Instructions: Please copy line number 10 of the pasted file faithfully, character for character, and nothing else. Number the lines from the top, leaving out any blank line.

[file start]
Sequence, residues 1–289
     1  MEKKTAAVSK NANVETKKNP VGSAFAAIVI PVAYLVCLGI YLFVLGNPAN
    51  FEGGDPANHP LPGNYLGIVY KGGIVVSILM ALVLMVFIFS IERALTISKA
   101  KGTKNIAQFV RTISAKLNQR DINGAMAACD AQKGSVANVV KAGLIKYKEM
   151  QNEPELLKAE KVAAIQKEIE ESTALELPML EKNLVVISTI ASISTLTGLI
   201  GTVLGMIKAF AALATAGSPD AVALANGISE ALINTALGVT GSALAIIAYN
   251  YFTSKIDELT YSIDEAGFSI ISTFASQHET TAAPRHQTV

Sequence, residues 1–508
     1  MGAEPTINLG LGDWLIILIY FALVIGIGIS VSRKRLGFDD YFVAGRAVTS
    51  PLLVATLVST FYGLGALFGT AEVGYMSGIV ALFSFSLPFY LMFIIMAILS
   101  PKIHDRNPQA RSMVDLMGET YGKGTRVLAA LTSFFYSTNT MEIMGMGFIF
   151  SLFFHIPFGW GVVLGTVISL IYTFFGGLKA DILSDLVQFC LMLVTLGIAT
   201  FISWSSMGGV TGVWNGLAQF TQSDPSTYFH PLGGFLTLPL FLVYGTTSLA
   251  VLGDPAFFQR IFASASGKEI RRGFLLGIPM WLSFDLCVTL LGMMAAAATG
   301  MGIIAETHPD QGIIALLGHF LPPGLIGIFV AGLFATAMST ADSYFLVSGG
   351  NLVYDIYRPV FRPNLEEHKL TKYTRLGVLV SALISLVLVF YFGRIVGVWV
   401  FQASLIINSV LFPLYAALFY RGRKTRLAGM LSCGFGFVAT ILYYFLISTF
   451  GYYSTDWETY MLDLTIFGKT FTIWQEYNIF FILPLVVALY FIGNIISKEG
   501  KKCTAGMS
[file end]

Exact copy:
    51  PLLVATLVST FYGLGALFGT AEVGYMSGIV ALFSFSLPFY LMFIIMAILS